1. re: jcmods

                      Hoboken is out, for cost and for the fact that we graduated from college many moons ago. Also Hoboklen past the main drags is not really all that wonderful.

            2. re: buttertart

              Rutherford and Montclair are nice options. They are close to NYC, have some nice restaurants and a little shopping areas.

              1. re: NJfoodLover

                Those are high on the list - we will be carless at least for a few months (or as long as we can stand it, we got rid of our car when we moved to NYC 20 yrs ago and have not missed it).

                1. re: NJfoodLover

                  The two towns that come to mind immediately for me are Montclair and Edison.

              2. re: goodhealthgourmet

                As someone who lives in Hoboken, I can say I do most of my dining in NJ in either Jersey City or Newark. Hoboken has a few decent places but considering the cost of places here I would suggest living someplace else if you are basing it on food.
                I work in Clifton and I find it very chain central out this way.

                1. re: goodhealthgourmet

                  Have to disagree. In the Edgewater area, we not only have Korean, and Latin nearby in North Bergen and Union City (excellent real Mexican, Cuban, etc.), we also have great Turkish and Italian. Kinara is a delicious Indian restaurant in Edgewater, and offers some of the freshest Indian food around (the chefs rely on subtle but delicious spicing rather than loading the food with creams and oil). There is good Japanese (Umeya) not far away in Cresskill. Drive down to Jersey City and there is Nha Thran (Vietnamese - very similar to Nha Thran in Chinatown), and little India with all the great options including Dosa House. There are also Korean-Chinese restaurants in the area that are very good. We also have Korean soft tofu restaurants that are great. There's Jewish cooking in Englewood (nearby). There are also some Spanish (European) restaurants in Weehawken. But, yes, the Edgewater - Fort Lee area is expensive, but Montclaire (nice area) is no bargain either.

                  And, in Edgewater, there is Trader Joe's. Further, Hoboken is close by.

                  1. re: goodhealthgourmet

                    How do you search boards for a specific location in new jersey..Pretty new to this.Thank you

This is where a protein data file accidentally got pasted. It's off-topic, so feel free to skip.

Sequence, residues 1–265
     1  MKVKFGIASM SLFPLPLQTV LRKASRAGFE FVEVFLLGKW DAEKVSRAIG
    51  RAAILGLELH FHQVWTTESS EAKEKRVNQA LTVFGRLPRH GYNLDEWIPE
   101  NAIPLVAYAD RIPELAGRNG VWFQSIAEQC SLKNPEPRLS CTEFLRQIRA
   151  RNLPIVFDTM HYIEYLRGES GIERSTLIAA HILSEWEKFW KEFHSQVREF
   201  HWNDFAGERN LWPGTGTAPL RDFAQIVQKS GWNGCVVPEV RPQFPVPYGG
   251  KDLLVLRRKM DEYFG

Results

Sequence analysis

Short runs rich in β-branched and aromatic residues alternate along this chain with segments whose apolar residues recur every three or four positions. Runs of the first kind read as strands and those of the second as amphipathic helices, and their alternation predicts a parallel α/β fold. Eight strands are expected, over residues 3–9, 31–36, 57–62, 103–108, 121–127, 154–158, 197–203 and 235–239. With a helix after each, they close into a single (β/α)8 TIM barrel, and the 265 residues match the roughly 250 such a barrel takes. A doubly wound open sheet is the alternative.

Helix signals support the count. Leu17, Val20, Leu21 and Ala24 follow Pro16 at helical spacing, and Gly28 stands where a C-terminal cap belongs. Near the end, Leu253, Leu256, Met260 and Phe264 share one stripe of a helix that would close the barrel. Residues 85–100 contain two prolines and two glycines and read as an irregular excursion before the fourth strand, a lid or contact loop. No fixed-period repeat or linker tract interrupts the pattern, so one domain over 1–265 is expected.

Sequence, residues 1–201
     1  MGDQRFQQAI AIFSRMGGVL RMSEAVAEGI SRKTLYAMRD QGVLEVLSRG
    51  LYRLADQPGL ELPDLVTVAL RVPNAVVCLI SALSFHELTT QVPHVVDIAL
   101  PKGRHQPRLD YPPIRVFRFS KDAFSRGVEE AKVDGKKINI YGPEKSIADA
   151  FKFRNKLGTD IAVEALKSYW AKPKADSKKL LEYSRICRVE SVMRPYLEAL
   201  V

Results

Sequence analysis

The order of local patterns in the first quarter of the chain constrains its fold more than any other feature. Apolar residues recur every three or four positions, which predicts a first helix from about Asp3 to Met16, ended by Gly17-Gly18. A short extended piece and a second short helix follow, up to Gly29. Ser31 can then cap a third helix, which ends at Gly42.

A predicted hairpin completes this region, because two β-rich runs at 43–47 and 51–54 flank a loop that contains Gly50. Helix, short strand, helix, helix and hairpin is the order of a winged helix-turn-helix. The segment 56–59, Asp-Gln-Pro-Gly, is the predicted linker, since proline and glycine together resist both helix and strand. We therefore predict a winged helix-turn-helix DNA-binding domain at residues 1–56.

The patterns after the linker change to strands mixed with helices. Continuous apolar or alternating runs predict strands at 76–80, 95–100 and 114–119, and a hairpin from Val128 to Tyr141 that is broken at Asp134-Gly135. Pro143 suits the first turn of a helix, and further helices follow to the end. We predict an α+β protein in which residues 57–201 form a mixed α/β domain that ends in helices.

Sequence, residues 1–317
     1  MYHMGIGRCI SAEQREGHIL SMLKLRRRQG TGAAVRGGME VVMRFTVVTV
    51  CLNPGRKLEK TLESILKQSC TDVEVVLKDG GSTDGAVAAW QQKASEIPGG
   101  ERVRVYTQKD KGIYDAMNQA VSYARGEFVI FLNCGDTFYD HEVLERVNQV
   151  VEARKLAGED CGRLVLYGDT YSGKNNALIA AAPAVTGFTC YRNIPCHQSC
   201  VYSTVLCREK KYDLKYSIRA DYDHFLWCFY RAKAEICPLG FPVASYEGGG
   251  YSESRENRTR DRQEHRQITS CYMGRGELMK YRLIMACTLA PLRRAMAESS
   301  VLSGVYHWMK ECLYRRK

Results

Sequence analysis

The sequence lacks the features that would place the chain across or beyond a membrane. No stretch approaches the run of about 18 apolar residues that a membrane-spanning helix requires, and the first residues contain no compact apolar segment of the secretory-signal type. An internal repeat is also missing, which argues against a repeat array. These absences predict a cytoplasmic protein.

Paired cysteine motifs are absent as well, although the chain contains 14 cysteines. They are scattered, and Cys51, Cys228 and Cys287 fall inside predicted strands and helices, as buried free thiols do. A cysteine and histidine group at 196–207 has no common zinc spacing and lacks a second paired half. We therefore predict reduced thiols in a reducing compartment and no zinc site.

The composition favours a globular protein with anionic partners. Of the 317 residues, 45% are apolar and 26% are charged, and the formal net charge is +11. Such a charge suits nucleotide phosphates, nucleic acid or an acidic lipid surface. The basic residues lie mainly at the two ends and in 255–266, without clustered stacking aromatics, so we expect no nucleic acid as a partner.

1. re: lab302

                      just type the same of the location into the search field.

                  2. re: buttertart

                    So when would you be shopping? on weekends mostly? Would you have a car or would you want to stick with public transport?

                    what kind of food/supplies do you most want easy access to?
                    A daily baker?
                    butcher or fishmarket
                    indian, chinese or other ethnic stores
                    cheeses

                    For example out here by Morristown/madison on the Morris/Essex line where I work there are quite a number of options of various sorts but fairly little accessible wihout a car. Within 10 min I can be at Trader Joes, a big Chinese or Indian Supermarket, a very good health store with freshly ground grain and some decent local cheeses and a very good wine shop, also with cheese and fancy foods (Garys). Bread - could be an issue. They have weekend farmers markets in Morristown and some of the other towns out here as well as some less-pricy local farm stands. Morristown has a major central american/columbian enclave with restaurants, bakeries and shops near downtown. Some very good restaurants too, including asian. A lovely (upscale) area, but it is the burbs and a 1-hour ride to Penn Sta.

                    there might be some good close-in options in areas like Hoboken or Jersey city which may work well for transit, but ive never explored the food activity there (there at least used to be some good bread makers Hoboken and there are indian filipino and hispanic enclaves which could be intersting.. I really like the ironbound as a lively neighbornood but it is a closeknit ethnic community and you would have to feel out whether you fit in.
                    The Iselin/Edison area is also good for Asian stuff